U2: The Joshua Tree

They went from post-punk hopefuls to stadium headliners in just five years, but keen to avoid repeating themselves the band turned to producers Brian Eno and Daniel Lanois to reshape their music, a strategy that resulted in one of the best selling records of all time 

It was relatively brief, but the cultural convulsion of UK punk in the late '70s prompted an upwelling of rock groups, leaner and hungrier than their predecessors. One of these began life in 1976 at Mount Temple Comprehensive School in Clontarf, a coastal suburb of Dublin. First calling themselves Feedback and then The Hype, before settling on U2, the group comprised four teenage friends: vocalist Bono Vox (real name Paul Hewson), guitarist The Edge (aka Dave Evans), Adam Clayton on bass and Larry Mullen Jr on drums.


Like many of their young peers they began as an amateurish combo, but their playing soon tightened up. They recorded two singles for CBS Ireland, which failed to chart in that country, but in 1980 Island Records offered them a deal and, in October of that year, released their debut album Boy, which was produced by Steve Lillywhite [HFN Jan '17].

Chart Success
A sort of musical rite of passage from adolescence to manhood, the album received some good reviews. It was preceded in August by the lead single 'A Day Without Me', which didn't create much of a stir. But a second single 'I Will Follow' was released simultaneously with the album and its insistent guitar hook and a pop melody picked up UK airplay. It failed to chart here but more significantly it reached No 20 in the Billboard Top Tracks charts when released in the US in 1981.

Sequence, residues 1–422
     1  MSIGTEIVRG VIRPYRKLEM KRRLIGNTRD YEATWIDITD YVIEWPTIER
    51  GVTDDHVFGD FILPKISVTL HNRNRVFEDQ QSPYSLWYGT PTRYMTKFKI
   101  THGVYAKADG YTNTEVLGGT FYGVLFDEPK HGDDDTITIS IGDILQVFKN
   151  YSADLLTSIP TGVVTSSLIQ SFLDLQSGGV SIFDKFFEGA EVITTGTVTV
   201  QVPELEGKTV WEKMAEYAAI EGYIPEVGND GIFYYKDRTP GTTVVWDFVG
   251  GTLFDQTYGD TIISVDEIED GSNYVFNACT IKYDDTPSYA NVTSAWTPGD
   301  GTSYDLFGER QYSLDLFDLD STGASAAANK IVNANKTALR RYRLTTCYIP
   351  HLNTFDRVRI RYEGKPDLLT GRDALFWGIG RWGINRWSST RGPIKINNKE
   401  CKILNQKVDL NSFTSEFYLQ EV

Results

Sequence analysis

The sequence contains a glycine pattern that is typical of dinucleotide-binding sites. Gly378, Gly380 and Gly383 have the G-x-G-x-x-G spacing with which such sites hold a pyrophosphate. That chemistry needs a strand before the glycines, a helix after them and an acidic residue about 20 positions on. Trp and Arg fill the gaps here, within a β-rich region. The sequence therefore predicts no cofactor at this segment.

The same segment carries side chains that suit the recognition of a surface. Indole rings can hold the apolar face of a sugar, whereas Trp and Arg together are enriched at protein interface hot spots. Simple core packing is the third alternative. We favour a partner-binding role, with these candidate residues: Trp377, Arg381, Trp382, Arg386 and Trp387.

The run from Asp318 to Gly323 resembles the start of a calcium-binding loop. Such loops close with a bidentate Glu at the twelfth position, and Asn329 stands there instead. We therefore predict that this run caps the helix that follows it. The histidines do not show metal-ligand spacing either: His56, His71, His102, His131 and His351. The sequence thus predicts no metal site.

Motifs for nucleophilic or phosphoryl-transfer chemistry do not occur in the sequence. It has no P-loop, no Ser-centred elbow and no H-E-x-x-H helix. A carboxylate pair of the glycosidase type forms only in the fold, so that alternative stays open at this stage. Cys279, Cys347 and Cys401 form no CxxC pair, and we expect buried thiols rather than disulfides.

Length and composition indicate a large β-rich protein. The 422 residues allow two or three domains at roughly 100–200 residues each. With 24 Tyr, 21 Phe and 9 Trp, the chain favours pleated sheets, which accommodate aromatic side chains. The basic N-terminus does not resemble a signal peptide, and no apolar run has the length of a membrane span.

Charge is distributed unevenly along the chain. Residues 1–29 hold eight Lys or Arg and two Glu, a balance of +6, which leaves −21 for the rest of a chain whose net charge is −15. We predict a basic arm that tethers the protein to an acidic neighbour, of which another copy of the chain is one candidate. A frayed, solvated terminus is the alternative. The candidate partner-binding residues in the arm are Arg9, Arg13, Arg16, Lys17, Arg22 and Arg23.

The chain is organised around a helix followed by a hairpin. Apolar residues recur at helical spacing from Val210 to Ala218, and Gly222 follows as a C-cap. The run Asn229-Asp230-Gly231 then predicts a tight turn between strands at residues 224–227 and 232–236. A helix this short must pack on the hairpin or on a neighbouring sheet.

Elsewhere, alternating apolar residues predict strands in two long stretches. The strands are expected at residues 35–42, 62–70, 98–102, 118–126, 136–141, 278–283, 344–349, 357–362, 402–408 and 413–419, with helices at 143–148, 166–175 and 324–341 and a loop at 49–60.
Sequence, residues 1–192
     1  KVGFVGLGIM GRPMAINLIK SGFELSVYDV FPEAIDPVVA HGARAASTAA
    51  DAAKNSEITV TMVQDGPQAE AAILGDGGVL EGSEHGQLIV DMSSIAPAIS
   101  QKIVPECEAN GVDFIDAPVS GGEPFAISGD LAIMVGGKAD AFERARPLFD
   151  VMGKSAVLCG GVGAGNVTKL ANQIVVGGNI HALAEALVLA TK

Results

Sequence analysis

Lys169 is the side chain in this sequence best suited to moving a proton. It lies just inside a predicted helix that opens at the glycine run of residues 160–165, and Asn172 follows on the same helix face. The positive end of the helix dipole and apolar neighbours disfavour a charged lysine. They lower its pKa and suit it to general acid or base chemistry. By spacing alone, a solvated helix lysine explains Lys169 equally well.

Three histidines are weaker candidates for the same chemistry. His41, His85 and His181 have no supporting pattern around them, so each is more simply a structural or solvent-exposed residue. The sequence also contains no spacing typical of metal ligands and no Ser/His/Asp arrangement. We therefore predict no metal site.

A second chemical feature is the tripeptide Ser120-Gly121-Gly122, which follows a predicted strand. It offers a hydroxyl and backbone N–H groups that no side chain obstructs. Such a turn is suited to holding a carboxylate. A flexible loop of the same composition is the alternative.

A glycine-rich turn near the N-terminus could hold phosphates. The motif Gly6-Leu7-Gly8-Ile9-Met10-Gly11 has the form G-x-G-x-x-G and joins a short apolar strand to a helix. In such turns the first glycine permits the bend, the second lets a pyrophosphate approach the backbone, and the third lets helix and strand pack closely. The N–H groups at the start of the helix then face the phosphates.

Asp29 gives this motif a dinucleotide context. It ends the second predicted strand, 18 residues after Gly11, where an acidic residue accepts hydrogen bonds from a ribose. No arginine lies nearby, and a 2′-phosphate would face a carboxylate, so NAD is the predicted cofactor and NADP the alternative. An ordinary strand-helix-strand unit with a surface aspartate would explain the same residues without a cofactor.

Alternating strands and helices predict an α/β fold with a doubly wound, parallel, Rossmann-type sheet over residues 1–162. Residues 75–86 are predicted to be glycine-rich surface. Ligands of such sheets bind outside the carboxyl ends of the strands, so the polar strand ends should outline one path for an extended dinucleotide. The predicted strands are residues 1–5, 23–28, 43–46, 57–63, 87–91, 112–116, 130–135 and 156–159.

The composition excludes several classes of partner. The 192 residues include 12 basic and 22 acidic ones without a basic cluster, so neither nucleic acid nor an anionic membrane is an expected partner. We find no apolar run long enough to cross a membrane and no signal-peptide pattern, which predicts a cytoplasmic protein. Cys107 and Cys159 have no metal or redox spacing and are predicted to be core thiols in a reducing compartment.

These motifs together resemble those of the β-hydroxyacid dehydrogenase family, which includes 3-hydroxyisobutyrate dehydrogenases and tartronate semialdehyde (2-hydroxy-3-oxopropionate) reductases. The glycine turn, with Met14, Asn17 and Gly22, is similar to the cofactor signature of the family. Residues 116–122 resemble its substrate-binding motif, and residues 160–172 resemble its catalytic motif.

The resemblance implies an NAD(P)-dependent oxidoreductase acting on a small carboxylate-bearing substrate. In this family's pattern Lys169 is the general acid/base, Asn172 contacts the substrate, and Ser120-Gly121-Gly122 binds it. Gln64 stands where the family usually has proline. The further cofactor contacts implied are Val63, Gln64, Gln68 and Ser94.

Boy also charted in a number of countries including the US, and thereafter U2's rise was – to use a cliche – meteoric. A second album October (1981) just missed out on the UK Top 10 but its successor War (1983) reached the No 1 spot.

Although the rhythm section of Mullen Jr and Clayton were solid, if somewhat workmanlike, the band's appeal lay largely in Bono's yearning, impassioned voice and The Edge's distinctive ringing guitar lines. Critic Barney Hoskyns referred to U2 as 'Dram-rock' and likened their melodramatic approach to that of Echo & The Bunnymen and The Associates. The Island Records press office took this on board and praised the group for their 'soaring and emotional rock style'.


To add to this, U2 were avowed Christians and included some religious elements in their lyrics. 'Gloria' on October was far removed from the lustful calling card-in-song of that title Van Morrison had recorded with the band Them. Instead, with lines taken from Psalm No 30, it was an entreaty by Bono to enter God's kingdom. And on War, the band tackled political topics like the Troubles in Northern Ireland and nuclear proliferation while '40' was based on Psalm No 40.


The 1983 War tour yielded a live album and a concert film Under A Blood Red Sky, recorded at a number of large venues in the US and Germany. By this time Bono – with his hair grown out into a rockstar mullet – had taken to waving a huge white flag around on stage in a manner that suggested he had begun to take himself a touch too seriously. When he was asked to explain these gestures, Bono likened them to 'an artist's broad brushstrokes', which did little to convince his critics.


Blustering Rock
It's to the group's credit that they could see that, although they had been incredibly successful thus far, to carry on in this vein could lead to the trap of repeating themselves, playing blustering rock shows in large venues until the band fell out of fashion. Instead, they had the confidence that they could flourish artistically through change, and for their next album, 1984's The Unforgettable Fire, they did what no-one could have predicted. They turned to producers Brian Eno and Daniel Lanois, who had worked together on the ambient albums Apollo and On Land. Yet when he was first approached, Eno turned down U2's advances and needed convincing.